Handing the lagging Thomasville Heights Elementary to a charter operator is part of Atlanta’s plan to avert state takeover, if voters pass the Opportunity School District in November.
Although 19 people at the school called in sick that Friday, Carstarphen said APS could only show four or so lacked any legitimate reason. One of them has resigned. Others are going through the process of responding to the district’s allegations of wrongdoing.
“I think the message is clear. Any kind of behavior that says we are putting these other adult needs in front of covering a kindergarten or a first grade classroom is not appropriate,” she said.
Under Carstarphen’s turnaround plan, Thomasville is one of five Atlanta schools that will be managed by charter school groups; three others will close. Based on state rankings, 60 percent of APS schools would be eligible for absorption into the Opportunity School District. Most are elementary schools, which surprised Carstarphen, given Georgia’s strong pre-k program.
“That impact is not playing out in the way it should be,” she said. “Our elementary schools by and large are the lowest performing schools in the system and in the state. For what middle and high schools are receiving in terms of children being prepared, they are working miracles. We have kids coming all the way through the system, and they are still reading at a 4th grade level and they are in the 11th grade.”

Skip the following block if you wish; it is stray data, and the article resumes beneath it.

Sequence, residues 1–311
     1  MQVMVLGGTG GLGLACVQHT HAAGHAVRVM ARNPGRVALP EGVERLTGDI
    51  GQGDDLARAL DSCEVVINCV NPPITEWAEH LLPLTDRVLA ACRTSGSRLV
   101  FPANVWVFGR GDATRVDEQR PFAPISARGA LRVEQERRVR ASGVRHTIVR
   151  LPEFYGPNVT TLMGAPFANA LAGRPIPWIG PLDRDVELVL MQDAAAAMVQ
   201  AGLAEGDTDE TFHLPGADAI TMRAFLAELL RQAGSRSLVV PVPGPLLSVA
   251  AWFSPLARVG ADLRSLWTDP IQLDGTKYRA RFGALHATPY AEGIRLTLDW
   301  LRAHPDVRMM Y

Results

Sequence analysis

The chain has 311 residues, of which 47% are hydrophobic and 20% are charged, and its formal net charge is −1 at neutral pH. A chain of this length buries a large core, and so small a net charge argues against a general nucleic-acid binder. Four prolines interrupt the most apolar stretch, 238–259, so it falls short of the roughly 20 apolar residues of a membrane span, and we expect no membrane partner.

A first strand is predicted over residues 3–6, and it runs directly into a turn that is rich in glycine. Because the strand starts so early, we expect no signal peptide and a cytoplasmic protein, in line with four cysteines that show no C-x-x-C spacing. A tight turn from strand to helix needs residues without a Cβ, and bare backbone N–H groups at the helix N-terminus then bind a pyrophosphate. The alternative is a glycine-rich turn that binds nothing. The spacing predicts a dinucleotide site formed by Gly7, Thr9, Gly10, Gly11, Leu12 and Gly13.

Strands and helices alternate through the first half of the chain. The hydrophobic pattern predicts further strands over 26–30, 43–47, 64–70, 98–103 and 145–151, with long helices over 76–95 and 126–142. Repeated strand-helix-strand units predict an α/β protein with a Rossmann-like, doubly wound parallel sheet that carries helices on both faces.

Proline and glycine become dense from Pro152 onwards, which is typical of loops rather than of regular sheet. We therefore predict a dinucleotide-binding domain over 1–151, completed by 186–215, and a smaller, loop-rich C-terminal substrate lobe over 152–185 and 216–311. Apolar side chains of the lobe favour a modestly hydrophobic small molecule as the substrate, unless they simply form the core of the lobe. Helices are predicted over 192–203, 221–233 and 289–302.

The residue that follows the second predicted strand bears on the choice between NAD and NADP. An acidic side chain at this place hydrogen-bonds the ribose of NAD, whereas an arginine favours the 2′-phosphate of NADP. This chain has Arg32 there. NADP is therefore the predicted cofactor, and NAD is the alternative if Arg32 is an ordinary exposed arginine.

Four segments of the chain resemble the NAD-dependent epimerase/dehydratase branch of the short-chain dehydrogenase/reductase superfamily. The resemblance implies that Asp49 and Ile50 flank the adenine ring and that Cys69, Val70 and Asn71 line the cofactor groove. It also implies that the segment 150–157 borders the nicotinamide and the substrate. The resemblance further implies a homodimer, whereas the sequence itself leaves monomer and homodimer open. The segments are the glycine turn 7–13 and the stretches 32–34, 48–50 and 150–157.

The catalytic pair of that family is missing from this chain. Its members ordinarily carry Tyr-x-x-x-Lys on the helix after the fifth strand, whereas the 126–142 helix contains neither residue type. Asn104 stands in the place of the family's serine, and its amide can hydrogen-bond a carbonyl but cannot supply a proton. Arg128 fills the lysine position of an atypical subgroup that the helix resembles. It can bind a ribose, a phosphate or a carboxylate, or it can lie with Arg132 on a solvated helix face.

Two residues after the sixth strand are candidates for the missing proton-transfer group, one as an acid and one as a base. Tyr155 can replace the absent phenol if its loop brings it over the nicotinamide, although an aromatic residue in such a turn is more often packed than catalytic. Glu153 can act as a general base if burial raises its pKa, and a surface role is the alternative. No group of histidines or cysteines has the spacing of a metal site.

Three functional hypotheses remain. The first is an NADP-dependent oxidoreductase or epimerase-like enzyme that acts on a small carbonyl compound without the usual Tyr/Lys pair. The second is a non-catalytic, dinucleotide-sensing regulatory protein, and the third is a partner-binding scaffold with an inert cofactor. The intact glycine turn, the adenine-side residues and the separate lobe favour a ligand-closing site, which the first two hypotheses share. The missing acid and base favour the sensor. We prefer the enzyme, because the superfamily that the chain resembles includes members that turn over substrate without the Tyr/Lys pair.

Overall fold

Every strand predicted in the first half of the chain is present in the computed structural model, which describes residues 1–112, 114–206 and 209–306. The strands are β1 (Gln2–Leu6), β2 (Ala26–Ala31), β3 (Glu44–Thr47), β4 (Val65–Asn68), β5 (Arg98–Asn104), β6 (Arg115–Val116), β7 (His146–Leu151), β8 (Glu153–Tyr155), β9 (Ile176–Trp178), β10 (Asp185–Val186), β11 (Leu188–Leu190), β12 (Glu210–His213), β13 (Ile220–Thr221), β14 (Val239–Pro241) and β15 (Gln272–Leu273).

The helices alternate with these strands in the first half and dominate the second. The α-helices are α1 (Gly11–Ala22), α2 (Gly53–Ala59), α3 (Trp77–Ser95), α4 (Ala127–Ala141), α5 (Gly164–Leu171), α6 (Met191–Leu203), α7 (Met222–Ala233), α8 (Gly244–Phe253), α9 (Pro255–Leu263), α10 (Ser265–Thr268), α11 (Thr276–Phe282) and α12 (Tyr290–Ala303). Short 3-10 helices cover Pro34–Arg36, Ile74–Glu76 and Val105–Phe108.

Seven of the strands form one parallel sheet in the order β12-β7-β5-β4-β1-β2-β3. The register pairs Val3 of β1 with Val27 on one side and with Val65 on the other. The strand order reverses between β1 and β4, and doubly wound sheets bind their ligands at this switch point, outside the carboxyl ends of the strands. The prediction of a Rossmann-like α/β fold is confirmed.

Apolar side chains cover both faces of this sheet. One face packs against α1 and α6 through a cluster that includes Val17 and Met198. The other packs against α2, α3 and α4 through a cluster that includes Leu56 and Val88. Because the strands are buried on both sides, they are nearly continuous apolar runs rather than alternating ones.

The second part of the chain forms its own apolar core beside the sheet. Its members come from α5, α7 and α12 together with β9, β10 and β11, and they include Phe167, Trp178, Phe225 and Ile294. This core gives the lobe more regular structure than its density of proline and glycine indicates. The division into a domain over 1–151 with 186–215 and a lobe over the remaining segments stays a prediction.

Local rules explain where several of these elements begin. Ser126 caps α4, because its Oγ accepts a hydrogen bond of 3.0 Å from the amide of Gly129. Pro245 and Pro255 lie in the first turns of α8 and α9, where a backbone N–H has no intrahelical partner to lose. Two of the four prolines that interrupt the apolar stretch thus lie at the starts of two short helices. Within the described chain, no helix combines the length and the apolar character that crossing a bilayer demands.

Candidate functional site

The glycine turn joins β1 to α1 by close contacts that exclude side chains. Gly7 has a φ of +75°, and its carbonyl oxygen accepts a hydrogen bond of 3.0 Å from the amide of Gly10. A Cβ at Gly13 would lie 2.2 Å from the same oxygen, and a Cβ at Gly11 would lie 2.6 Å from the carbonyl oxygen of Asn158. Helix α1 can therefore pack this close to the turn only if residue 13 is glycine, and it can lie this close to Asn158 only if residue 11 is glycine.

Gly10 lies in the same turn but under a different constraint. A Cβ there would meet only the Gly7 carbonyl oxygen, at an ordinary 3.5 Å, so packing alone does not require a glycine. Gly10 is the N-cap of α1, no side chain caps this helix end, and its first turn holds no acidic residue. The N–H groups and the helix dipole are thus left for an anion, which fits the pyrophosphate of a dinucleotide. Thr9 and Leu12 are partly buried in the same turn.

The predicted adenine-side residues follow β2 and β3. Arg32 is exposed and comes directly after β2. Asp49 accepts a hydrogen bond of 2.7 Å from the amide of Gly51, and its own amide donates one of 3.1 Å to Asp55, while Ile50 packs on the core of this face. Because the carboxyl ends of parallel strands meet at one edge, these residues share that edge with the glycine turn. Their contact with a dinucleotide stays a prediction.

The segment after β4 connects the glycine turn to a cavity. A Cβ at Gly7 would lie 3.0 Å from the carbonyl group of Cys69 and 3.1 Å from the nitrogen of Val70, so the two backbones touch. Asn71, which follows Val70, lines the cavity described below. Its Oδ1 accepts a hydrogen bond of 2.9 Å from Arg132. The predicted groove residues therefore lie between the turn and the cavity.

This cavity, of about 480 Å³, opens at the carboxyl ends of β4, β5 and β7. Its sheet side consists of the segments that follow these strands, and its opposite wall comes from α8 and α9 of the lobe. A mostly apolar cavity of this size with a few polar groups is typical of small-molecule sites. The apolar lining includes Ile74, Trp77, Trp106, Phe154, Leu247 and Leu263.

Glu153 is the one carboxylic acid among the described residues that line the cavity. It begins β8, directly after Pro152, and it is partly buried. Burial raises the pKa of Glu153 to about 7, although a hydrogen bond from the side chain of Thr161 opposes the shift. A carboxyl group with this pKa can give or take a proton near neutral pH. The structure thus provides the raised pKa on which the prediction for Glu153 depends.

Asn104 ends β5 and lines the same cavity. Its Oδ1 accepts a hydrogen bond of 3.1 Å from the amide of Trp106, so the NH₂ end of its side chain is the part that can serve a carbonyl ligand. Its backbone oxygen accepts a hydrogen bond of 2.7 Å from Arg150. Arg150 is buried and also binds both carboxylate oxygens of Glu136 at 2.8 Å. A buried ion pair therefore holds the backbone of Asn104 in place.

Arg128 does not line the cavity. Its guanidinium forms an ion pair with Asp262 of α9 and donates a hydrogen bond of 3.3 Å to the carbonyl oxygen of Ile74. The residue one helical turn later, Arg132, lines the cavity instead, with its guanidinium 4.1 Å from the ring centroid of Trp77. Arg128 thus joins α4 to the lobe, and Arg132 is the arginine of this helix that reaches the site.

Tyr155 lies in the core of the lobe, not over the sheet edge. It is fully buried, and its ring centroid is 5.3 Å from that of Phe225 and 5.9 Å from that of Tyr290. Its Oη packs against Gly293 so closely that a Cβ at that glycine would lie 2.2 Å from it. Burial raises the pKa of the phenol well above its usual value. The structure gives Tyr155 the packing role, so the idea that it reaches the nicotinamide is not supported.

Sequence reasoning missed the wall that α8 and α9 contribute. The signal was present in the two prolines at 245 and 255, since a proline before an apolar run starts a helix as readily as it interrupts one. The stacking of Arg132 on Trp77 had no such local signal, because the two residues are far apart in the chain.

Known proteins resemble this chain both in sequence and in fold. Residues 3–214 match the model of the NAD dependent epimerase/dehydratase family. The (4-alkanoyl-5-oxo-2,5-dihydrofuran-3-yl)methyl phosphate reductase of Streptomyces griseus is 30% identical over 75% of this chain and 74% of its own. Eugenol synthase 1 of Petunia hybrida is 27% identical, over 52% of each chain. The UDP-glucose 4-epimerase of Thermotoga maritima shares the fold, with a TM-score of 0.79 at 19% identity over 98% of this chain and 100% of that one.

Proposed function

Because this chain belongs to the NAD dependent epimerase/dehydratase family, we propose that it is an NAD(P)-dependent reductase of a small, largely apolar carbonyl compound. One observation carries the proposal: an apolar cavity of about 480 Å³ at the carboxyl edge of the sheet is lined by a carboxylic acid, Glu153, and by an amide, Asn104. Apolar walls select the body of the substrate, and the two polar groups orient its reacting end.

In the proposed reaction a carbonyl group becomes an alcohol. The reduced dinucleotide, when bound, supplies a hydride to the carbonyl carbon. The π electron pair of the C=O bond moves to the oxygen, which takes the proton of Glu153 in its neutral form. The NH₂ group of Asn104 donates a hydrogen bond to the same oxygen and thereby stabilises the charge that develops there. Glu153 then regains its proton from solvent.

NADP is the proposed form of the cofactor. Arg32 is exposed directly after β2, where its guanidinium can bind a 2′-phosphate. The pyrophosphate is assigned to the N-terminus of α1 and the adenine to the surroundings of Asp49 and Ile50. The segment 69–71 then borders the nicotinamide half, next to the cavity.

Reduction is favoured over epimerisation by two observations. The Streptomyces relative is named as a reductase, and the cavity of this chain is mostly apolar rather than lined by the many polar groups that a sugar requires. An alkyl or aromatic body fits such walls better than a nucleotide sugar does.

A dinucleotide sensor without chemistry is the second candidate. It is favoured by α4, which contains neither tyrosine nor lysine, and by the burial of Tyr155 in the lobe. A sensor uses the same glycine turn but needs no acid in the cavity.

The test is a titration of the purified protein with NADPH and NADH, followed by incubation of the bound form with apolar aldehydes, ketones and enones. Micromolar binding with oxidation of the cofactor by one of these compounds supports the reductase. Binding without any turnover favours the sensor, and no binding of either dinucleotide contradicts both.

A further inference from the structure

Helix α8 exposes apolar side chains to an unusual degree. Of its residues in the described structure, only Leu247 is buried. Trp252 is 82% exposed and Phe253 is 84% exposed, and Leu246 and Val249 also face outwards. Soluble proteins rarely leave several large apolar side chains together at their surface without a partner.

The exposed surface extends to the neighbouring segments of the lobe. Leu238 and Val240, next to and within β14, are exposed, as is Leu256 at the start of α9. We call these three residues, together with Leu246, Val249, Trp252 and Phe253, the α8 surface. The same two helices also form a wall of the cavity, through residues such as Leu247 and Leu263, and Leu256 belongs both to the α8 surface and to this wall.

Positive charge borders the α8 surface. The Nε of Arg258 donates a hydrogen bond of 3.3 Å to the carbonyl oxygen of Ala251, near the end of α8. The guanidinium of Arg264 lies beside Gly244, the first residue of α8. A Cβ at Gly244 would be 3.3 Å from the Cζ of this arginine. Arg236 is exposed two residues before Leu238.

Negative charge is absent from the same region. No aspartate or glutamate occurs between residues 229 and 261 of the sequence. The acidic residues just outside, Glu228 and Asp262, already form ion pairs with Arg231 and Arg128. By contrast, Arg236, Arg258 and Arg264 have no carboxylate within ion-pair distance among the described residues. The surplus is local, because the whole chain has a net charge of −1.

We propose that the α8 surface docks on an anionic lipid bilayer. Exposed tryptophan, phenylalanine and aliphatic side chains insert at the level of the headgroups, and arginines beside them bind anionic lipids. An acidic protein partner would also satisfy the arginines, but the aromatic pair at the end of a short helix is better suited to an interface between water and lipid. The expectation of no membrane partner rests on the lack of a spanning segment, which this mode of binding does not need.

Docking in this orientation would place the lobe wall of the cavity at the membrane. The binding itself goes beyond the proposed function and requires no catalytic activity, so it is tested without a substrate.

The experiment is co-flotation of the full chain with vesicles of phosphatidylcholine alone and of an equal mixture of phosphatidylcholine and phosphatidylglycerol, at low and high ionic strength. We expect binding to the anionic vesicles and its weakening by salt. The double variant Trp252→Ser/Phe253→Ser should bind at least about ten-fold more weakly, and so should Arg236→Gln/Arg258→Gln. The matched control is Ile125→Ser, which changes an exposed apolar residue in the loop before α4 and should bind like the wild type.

Carstarphen emphasized the impetus to bring in charter companies was not only the prospect of losing schools to state control. “I was hired to do turnaround,” she said. “APS has a beleaguered past history that we must overcome.”
Most importantly, Carstarphen is focusing on the developing leaders with the depth and talent to guide the most troubled schools. “These leaders have to be the best and APS has to support them,” she said. “If you are going to have people in these positions, they have to be great or you have to make them great.”
Where Carstarphen sees movement thus far:
•Principals did not work together in the clusters. Schools were not working closely with central administration. That is changing.
•The overwhelming behavioral and cultural problems – kids who have no capacity to talk things out so they lash out physically like the boy she encountered in downtown Atlanta – convinced her APS has to offer social and emotional learning. The district is using restorative justice as an alternative to kicking kids out of class. In restorative justice, students have a chance to talk about what happened with the affected parties and make amends. Districts that practice it see dramatic declines in suspensions, although there are complaints that the process can eat into instructional time.
•There was not a lot of coherence, quality and rigor in academic programs. Now, Carstarphen says people understand “We are actually an organization that is focused on children and our purpose is pre-k to 12th grade education.”
At a community level, Carstarphen said Atlanta has to own up to its past, saying, “I am not even sure Atlanta has internalized that it had the largest cheating scandal in public education history.”